A group of migrants runs into the brush after being spotted by the U.S. Border Patrol. (Dominic Bracco II/ Prime For The Washington Post)
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ESSAY CONTAINS EXPLICIT CONTENT
My Republic is a personal exploration of the South Texas border region where I was raised.
The Republica Del Rio Grande lasted only a year. The new nation’s commanders were executed by Mexican troops, (one of which was a distant – ok very distant relative,) and their legacy was largely forgotten. Turmoil didn’t end with the fall of the Republic. The Nueces Strip, South Texas, whatever you might want to call it, has always been a place in conflict. It was a front line between Native Americans and foreign settlers, The Mexican Independence, The Mexican Revolution, The Civil War, The Texas Revolution, The Mexican American War, and now the conflict that has gripped northern Mexico for almost a decade.
South Texas is where the ‘Tex meets the Mex’. The highways of ‘el Valle’ are filled with trucks heading north to bring products to the U.S., both legal and illegal, and the ranches have long been smuggling routes for people, guns, and money. It is the front door to America.
This first set of images are the beginning of a long term project on the region, highlighting current and past events that have created the abrasive culture that exists there.
A family waits on their front porch while the Brooks County Sheriff’s Department searches their property after three men came to their door. The men apparently asked for coats, after a norther had brought heavy rain and dropped temperatures.
Deputies of the Brooks County Sheriff’s Department track three migrants who were reported trespassing.
Carlos Jose Cruz, a 42-year-old Honduran migrant, shows bruises on his body, at a migrant shelter in Matamoros, Mexico, where a group of armed men kidnapped and beat him and his friend with wooden boards. After torturing the two victims, the assailants bound their hands and feet and threw them in a drainage ditch to drown. Cruz was able to free himself and pull himself and his friend to safety.
Deputy Brett Zable clears an abandoned house frequented by human traffickers on a ranch in Brooks County.
A row of graves of unidentified persons found deceased on ranches in Brooks County.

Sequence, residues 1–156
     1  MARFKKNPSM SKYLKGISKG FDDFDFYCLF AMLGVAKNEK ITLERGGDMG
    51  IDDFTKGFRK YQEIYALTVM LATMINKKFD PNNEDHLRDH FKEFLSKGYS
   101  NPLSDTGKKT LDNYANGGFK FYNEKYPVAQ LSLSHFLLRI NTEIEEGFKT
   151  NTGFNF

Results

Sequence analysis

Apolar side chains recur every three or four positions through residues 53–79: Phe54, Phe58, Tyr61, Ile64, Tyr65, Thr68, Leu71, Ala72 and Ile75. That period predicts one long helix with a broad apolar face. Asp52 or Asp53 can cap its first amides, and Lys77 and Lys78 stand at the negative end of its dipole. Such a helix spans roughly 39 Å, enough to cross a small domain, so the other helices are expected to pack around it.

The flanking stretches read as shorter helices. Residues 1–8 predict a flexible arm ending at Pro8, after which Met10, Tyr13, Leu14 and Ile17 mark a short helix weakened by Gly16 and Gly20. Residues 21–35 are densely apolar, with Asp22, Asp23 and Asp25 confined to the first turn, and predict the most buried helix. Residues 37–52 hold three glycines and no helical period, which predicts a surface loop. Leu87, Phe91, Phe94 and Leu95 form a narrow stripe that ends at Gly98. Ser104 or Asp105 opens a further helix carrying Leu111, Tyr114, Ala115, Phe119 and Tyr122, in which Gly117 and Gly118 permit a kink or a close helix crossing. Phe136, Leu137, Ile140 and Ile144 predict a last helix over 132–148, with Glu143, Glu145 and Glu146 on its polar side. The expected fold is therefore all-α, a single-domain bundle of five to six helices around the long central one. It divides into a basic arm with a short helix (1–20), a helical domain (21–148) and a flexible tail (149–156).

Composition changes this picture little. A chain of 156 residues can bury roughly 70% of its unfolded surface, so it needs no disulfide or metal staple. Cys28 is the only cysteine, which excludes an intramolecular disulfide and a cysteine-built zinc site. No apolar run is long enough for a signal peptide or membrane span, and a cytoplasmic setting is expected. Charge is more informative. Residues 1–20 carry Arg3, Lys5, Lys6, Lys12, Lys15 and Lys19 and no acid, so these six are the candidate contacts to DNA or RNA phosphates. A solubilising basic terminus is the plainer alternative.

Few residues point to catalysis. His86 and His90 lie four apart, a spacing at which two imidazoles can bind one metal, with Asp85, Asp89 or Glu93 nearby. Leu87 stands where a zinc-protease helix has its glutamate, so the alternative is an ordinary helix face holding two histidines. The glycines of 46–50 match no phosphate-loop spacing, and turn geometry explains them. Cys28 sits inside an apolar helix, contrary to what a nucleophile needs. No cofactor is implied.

A two year drought has made conditions more difficult for migrants.
Mike Vickers checks his rifle outside his house. Vickers carries several weapons with him at all time. (Dominic Bracco II/ Prime For The Washington Post)
Ranchers have placed ladders like this along their fences to avoid damage made by migrants passing through their land. Often the migrants will not use the ladders for fear that they are covered with sensors.
Detained migrants are processed at the Border Patrol check point near Falfurrias, Texas.
Clothes discarded by migrants are seen at a pickup point on the El Tule Ranch.
Avelo Pinada, 28, of Honduras, shows where he was beaten by a group of armed men and left for dead in Matamoros, Mexico. Organized crime has made crossing even more dangerous in recent years.
Local landowner, Mike Vickers looks through binoculars for illegal immigrants. He and his wife started the Texas Volunteers in 2009 after they saw an increase in “criminal trespassing,” on their property.
Brooks County Sheriff’s Chief Deputy Benny Martinez rests agains bails of marijuana the department confiscated. The bails are attached with backpack straps and carried through the brush for miles. (Dominic Bracco II/ Prime For The Washington Post)
“Coyotes,” or human smugglers, often use the cover of darkness and move quickly, but if individuals loose their guides, they are often lost for days in the wilderness.
Dominic Bracco II explores the effects of global economics on local communities. Although he works internationally, Dominic’s work often returns to document the effects of Mexican and North American policies on the Texas / Mexico border region where he was raised. He has degrees in journalism and Spanish literature from The University of Texas at Arlington. Past clients include The New York Times Magazine, Smithsonian Magazine, The Wall Street Journal, and The Washington Post. Dominic is also a founding member of the collective Prime. He is based in Mexico City.
Dominic Bracco II